Bangladesh, 4 September 2023 – “Everyone was crying out in fear and pain, but our cries fell on deaf ears,” recalls Kamal, a 37-year-old Bangladeshi man who fell into the trap of traffickers.

Struggling to make ends meet, Kamal thought migration was his only option for a better life.  However, what started as a hopeful journey ended up being one of the most painful experiences of his life.

He began his journey in 2018 when he sought the help of a middleman, “Azam", who promised to assist him in traveling to the United Arab Emirates (UAE), but it came at a price. He had to sell his land to raise BDT 300,000 (approximately USD 2,765) to facilitate his journey.

Kamal hopes that he will be able to make an income by offering driving services. Photo: IOM 2023/Md Sariful Islam

There were several red flags along the way. The flight was scheduled to depart from Chittagong airport as opposed to the main international airport in Dhaka. Additionally, Azam and his travel companions were made to wait in Chittagong for two days before they were given the news about their visas being rejected.

"We were forced to get on a ship, made to hide so that the coast guards wouldn't find us," Kamal says, his voice quivering at the memory. "They started beating us when we protested. They threw a sick man overboard. It was horrifying."  The threat of 'silent submission or death' hung over their heads like a sword. "It was a clear message – they were ready to kill."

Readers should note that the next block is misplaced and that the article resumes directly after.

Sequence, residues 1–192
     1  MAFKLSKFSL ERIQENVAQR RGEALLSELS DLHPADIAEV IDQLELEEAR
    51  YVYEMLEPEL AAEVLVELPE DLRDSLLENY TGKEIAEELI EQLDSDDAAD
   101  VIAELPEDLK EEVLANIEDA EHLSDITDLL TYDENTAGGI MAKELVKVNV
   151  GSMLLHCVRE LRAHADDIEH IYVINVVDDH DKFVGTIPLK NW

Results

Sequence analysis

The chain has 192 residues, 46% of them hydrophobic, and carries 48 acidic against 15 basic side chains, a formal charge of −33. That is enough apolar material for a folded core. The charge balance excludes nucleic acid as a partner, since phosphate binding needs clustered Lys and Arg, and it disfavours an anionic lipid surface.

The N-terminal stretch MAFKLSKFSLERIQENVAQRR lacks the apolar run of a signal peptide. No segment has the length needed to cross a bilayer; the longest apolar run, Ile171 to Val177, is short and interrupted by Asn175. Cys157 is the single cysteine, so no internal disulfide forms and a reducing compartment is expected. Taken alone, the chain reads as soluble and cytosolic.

Kamal carries the haunting memories of a perilous journey to Malaysia. Photo: IOM 2023/Md Sariful Islam

Azam and his partners had gathered around 60 to 65 people in a shared residence in Chittagong, where they arranged for small boats carrying 10 to 15 individuals to transport them to a bigger ship docked at sea; none of them had visas.

Adrift at sea for nine days, Kamal and others were finally transported to a ship. However, the men on the other boat amplified the palpable tension with their menacing looks and drug-fuelled behaviour. "While handing over from the first ship, one of the traffickers sneered, 'Don't bother speaking to them. They won't understand your language. They will only beat you if you try.' We had no choice but to comply."

Despite obtaining a passport, Kamal couldn’t use this for his migration in a regular way. Photo: IOM 2023/Md Sariful Islam

Kamal shows the mobile phone that he could bring with him from Malaysia. This device helped him communicate with his family. Photo: IOM 2023/Md. Sariful Islam

After nearly 20 days at sea, the port city of Penang in Malaysia came into view. However, the ship didn't dock at the harbour. Instead, under the cover of darkness, small boats would take groups of 8 to 10 ashore.

Immediately upon disembarking, Kamal and others were stripped of their belongings, leaving them only with the clothes on their backs.

At midnight, traffickers took them to Penang City and kept them in a small room. The conditions inside their holding cell were filthy and cramped. Around 30 people were crammed into a room no larger than two by three metres. Sitting or sleeping was a challenge. Hunger gnawed at Kamal constantly.